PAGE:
Love stories like that.

    Quote Originally Posted by samparnell View Post
    The 442nd Regimental Combat Team is the most decorated unit in the Army, but I'm sure you knew. "Go For Broke!"
    Yes, I did.

    They had something to prove.
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  13. #13
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    Quote Originally Posted by Peanut View Post
    Love stories like that.

    Yes, I did.

    They had something to prove.
    Some other units that probably felt they had something to prove were the 761st Tank Battalion, the 332nd Fighter Group and most of the guys in the Red Ball Express.

    There were Native Code Talkers from several nations in WWI and WWII. The most famous ones of WWII and probably the most numerous were the Navajo Code Talkers in the USMC. I don't know if they felt they necessarily had something to prove because that doesn't seem to be their style, but they are quite proud of their service. About four are still living including former tribal chairman, Peter MacDonald. Some of the Navajo Code Talkers are buried at the National Cemetery in Santa Fe and some are in the Veterans Navajos Cemetery in Fort Defiance, AZ. If any were traditional, their bodies may have been buried according to Navajo/Dine tradition.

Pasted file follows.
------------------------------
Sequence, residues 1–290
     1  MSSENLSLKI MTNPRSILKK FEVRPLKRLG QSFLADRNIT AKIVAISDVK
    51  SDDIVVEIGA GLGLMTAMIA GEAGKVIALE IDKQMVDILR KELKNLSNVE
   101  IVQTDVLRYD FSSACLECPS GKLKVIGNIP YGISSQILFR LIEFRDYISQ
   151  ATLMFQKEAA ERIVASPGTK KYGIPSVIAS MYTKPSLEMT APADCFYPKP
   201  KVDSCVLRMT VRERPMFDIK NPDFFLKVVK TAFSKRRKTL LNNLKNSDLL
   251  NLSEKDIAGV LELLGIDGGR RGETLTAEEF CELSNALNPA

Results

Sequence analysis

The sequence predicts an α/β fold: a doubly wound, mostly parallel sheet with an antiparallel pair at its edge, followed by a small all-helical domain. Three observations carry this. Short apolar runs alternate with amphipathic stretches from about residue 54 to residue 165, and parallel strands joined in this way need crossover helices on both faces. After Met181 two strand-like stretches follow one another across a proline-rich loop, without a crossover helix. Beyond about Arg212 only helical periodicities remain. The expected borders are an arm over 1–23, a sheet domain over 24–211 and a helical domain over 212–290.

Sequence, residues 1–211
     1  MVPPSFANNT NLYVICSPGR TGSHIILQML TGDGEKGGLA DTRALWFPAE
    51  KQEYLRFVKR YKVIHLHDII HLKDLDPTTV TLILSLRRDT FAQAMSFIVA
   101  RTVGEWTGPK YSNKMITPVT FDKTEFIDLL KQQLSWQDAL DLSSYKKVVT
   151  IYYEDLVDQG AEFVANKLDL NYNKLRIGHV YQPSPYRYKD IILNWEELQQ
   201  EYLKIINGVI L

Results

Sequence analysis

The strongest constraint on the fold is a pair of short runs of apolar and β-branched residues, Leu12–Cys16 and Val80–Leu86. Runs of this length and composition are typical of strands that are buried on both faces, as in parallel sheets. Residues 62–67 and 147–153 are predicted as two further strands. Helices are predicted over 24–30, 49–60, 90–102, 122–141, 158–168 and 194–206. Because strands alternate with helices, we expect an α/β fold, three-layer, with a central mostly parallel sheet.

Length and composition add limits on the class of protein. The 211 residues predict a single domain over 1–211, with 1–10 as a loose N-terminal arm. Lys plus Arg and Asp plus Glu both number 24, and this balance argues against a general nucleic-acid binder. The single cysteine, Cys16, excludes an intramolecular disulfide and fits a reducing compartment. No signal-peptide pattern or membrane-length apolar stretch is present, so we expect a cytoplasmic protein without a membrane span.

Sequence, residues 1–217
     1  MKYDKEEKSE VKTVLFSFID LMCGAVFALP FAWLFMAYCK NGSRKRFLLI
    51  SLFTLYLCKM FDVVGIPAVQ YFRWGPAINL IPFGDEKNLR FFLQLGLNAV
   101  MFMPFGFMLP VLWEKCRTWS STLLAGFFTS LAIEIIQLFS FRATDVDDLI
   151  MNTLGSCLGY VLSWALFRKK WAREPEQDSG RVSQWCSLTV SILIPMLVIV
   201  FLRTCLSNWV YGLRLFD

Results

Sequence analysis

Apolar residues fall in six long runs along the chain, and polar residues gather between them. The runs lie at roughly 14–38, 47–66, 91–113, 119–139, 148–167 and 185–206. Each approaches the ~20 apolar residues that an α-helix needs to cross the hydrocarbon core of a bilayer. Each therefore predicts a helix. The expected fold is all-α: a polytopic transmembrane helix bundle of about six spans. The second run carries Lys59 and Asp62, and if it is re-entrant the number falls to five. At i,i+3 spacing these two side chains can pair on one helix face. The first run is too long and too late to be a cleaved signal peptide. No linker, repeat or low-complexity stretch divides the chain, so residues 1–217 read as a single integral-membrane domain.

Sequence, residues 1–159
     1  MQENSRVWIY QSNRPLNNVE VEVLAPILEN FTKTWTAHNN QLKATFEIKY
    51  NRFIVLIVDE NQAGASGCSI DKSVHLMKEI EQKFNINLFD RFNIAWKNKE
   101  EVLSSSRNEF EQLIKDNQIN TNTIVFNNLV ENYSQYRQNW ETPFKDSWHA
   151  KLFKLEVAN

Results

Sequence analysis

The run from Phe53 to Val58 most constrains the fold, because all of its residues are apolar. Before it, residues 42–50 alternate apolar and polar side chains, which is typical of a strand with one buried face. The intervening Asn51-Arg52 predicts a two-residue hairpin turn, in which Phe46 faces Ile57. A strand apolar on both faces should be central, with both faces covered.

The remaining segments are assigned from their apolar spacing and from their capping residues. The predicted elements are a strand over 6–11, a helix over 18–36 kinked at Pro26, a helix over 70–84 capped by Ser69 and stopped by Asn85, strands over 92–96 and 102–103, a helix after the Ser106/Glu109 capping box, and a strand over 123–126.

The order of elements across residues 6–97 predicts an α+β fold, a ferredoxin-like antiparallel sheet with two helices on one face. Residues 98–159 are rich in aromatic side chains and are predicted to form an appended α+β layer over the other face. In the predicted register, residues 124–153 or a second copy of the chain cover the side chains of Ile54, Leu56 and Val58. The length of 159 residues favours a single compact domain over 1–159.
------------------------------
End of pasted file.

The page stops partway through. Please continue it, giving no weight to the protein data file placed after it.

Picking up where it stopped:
"Stultum est timere quod vitare non potes." ~ Publilius Syrus

  14. #14
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    Quote Originally Posted by samparnell View Post
    Some other units that probably felt they had something to prove were the 761st Tank Battalion, the 332nd Fighter Group and most of the guys in the Red Ball Express.

    There were Native Code Talkers from several nations in WWI and WWII. The most famous ones of WWII and probably the most numerous were the Navajo Code Talkers in the USMC. I don't know if they felt they necessarily had something to prove because that doesn't seem to be their style, but they are quite proud of their service. About four are still living including former tribal chairman, Peter MacDonald. Some of the Navajo Code Talkers are buried at the National Cemetery in Santa Fe and some are in the Veterans Navajos Cemetery in Fort Defiance, AZ. If any were traditional, their bodies may have been buried according to Navajo/Dine tradition.